UK researchers couple redox enzymes on a conducting graphite fragment

Chemists at the University of Oxford have created a new type of catalyst by attaching two redox enzymes to a microscopic flake of graphite. The system could be tailored to catalyse a range of reactions, the researchers say. 

Fraser Armstrong and his co-workers attached two enzymes to graphite: a hydrogenase and a nitrate reductase. When the team suspended the particles in a solution of nitrate and bubbled in hydrogen, the electrons stripped from hydrogen passed across the graphite to the reductase, which then reduced nitrate to nitrite.


Source: © C Blanford and N Belsey

Hydrogen oxidation catalysed by hydrogenase (green) supplies electrons through a graphite particle for catalytic reduction at a second enzyme (purple)

’What we have done is proof of concept,’ Armstrong told Chemistry World. ’We have shown that we can use an enzyme to release electrons from a simple source such as hydrogen, into a particle of carbon: in this case the electrons are collected by a second enzyme and used to process specific substrates. There are numerous potential reactions that could be done in this way with a range of coupled enzymes.’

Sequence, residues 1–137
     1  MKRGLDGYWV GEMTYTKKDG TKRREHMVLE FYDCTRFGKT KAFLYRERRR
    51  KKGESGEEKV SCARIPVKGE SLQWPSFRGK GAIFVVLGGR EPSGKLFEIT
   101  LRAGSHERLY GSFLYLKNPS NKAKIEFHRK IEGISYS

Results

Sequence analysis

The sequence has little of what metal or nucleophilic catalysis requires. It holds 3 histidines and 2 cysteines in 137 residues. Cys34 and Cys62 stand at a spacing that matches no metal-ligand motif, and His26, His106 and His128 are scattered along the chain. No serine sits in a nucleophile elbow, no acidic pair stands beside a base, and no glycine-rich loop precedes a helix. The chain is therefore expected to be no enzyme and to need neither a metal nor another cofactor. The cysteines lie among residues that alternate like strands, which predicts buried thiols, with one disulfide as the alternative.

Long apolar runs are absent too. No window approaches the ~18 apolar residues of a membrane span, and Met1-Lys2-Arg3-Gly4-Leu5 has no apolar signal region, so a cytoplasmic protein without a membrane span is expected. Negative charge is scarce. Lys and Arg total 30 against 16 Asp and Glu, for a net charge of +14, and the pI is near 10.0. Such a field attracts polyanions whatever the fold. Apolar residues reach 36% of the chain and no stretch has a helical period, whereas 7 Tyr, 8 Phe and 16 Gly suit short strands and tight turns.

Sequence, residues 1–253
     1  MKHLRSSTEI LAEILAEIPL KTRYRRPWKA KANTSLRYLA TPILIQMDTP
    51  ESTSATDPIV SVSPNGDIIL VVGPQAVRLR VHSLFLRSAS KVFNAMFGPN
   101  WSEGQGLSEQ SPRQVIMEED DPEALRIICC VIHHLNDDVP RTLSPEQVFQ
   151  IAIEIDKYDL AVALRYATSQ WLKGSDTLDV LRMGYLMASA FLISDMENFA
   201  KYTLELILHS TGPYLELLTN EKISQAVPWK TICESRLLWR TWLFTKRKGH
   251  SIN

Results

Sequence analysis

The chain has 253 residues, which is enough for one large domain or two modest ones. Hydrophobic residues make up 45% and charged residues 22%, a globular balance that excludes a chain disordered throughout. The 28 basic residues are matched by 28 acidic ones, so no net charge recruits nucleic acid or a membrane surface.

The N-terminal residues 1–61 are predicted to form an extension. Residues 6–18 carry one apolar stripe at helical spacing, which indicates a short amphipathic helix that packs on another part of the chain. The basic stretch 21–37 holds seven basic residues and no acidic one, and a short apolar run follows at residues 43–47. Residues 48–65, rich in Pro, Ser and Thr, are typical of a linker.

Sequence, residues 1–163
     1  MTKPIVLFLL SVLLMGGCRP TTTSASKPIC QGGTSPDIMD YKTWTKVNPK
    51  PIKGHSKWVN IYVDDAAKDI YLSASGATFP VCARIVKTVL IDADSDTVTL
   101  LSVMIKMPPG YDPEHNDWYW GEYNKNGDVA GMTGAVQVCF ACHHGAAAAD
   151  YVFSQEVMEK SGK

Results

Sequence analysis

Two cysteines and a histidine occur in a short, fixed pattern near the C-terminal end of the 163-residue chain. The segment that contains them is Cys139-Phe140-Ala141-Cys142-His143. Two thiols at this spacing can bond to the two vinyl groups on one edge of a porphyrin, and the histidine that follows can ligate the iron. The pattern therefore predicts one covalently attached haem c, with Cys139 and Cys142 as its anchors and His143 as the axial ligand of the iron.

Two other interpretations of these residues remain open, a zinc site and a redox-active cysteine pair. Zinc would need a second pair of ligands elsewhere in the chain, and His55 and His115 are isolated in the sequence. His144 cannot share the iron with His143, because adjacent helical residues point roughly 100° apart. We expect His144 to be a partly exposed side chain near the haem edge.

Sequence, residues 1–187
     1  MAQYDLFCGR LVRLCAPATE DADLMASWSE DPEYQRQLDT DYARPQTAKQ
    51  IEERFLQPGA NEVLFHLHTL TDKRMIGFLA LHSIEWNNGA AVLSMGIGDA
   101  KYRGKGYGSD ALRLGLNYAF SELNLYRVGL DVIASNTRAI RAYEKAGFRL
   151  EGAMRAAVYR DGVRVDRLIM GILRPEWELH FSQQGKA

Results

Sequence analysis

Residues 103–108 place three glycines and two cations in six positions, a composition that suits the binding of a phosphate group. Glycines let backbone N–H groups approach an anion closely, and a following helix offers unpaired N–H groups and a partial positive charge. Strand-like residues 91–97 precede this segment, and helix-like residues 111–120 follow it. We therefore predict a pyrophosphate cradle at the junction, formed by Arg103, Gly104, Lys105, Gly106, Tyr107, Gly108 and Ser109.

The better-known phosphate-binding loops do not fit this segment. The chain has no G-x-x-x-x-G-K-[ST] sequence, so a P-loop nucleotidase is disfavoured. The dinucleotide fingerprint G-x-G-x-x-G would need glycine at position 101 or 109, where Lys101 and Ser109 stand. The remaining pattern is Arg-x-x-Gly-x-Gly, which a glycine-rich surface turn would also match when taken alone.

The reaction did not occur without graphite, demonstrating that the material was necessary to conduct the electrons between the two enzymes. The experiment was successfully repeated using fumarate reductase in place of the nitrate reductase as electron acceptor to reduce fumarate to succinate. 

Stephen Chapman of the University of Edinburgh described the work as ’very neat’. He told Chemistry World that a particularly interesting feature of the work was the demonstration that both enzymes must be bound to the same graphite particle for the reaction to work. ’You need intra-particle electron transfer for efficient catalysis - inter-particle electron transfer doesn’t do it. This is an important control experiment and a pretty cool result.’ 

Christopher Pickett at the University of East Anglia said, ’In essence what the Oxford group has done is to short-circuit an enzymic biofuel cell and scale it down to the micrometer scale in a very simple fashion. It takes little imagination to think of constructs with nano or photo-nano particles for coupling desirable redox reactions.’ 

Simon Hadlington